3,397,451 Patented Aug. 20, 1968 bonding of the wire to each post to break the wire adja conductive leads in the form of line wires must be bonded to the wafers and to corresponding terminal posts located on the header supporting the wafers. In the past, the wafers have been thermocompressively bonded to other wafers or to the header by utilizing a needle with a vacuum pickup to position and press the wafer against the header. In forming a bond, the tip-of the needle applies pressure to the surface of the Wafer, and because of limited contact area, which is essentially point contact, a high localized stressis set up in'the wafer which has a detrimental effect onthe device. The bonding of the conductive leads between the wafers and the corresponding terminal posts requires a different type of'needle than the Wafer bonding needle. This requirement results in wasted motion and loss of time to allow for a needle change, or for the device to bemoved to a different bonding apparatus. It is, therefore, desirable to 'useone needle for all pick-up and bonding operations; 7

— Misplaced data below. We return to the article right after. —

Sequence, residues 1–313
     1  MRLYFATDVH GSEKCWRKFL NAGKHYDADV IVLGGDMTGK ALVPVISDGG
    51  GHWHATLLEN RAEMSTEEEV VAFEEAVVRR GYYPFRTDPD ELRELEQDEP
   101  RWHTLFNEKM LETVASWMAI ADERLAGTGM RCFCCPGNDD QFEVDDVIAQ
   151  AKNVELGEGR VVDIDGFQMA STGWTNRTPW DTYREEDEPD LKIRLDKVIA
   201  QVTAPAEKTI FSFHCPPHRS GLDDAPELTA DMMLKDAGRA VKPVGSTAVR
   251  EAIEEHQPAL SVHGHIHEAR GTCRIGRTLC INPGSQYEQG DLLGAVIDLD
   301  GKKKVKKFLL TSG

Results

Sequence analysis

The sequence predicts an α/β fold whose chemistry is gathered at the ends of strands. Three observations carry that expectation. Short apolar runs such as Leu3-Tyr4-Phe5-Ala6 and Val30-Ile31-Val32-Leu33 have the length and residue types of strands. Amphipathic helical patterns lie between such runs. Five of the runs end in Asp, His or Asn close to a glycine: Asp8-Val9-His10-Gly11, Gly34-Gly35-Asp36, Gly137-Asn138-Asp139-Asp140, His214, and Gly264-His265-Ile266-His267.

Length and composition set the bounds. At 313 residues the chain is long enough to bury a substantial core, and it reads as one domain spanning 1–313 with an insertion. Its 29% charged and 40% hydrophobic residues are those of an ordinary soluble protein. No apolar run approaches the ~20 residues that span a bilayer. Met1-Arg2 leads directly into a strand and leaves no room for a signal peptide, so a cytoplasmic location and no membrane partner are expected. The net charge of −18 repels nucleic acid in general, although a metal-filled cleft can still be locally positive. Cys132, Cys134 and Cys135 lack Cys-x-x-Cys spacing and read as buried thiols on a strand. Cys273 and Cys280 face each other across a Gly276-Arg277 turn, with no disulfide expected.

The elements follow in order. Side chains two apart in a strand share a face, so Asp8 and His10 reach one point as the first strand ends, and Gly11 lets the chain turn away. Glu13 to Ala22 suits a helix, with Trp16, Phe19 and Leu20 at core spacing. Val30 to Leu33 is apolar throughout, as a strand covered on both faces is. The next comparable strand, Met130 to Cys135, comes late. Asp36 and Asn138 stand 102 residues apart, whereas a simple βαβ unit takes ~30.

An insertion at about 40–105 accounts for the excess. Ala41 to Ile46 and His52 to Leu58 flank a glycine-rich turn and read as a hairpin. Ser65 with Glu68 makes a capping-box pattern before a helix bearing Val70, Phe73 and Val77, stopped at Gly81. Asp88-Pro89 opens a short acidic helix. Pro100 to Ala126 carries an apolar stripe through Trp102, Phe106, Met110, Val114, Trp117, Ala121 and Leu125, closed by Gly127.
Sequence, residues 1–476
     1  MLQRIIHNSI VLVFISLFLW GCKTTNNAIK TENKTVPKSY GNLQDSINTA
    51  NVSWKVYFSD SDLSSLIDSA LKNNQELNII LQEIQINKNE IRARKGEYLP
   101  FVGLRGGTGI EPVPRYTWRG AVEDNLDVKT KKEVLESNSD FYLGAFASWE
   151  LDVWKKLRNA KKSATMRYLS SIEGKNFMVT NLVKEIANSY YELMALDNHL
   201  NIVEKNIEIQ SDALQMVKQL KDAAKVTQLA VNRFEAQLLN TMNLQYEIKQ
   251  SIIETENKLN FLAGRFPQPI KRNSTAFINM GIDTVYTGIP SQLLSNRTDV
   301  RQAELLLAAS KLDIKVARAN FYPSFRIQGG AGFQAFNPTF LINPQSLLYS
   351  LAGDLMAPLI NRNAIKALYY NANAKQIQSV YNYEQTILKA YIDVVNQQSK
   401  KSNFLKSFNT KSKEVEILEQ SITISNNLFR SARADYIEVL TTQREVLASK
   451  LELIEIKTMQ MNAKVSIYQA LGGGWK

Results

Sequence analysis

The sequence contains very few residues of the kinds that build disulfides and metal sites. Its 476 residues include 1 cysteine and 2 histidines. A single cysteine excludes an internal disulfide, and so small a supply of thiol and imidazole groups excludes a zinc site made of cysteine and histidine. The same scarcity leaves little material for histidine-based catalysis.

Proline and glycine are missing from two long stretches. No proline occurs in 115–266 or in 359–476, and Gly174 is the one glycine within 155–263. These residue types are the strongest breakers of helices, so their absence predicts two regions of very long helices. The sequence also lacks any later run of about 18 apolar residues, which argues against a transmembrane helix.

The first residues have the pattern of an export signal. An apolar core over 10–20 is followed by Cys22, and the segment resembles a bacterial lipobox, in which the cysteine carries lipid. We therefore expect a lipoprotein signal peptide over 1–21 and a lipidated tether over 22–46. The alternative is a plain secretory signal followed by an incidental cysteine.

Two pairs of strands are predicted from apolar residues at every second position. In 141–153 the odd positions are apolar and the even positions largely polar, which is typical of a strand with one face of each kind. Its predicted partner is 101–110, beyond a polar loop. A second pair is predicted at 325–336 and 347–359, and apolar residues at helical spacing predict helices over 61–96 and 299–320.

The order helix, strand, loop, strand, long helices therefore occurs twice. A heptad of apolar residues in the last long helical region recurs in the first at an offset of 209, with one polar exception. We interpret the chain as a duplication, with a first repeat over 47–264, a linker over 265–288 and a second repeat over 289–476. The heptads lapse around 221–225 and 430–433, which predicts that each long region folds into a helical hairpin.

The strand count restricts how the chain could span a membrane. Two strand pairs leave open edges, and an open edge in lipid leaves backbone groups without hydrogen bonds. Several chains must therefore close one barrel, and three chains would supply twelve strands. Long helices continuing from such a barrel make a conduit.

Accordingly, another object of the invention is to. provide new and improved methods utilizing one bonding needle for both wire'and wafer-bonding operations.-

I 'A further object of the invention is to providenew andimproved methods of fabricating semiconductor devices to reduce stress .forces set up in semiconductive wafers during the bonding operations. I

Another object is to provide new and improved methods of sequentially bonding a lead wire toa first semiconductive wafer, bonding the first Waferito'a second wafer, bonding the second wafer to a metalheader', and then bonding the wire to a terminal post on tlieheader.

With the foregoing and other objects. irr view, one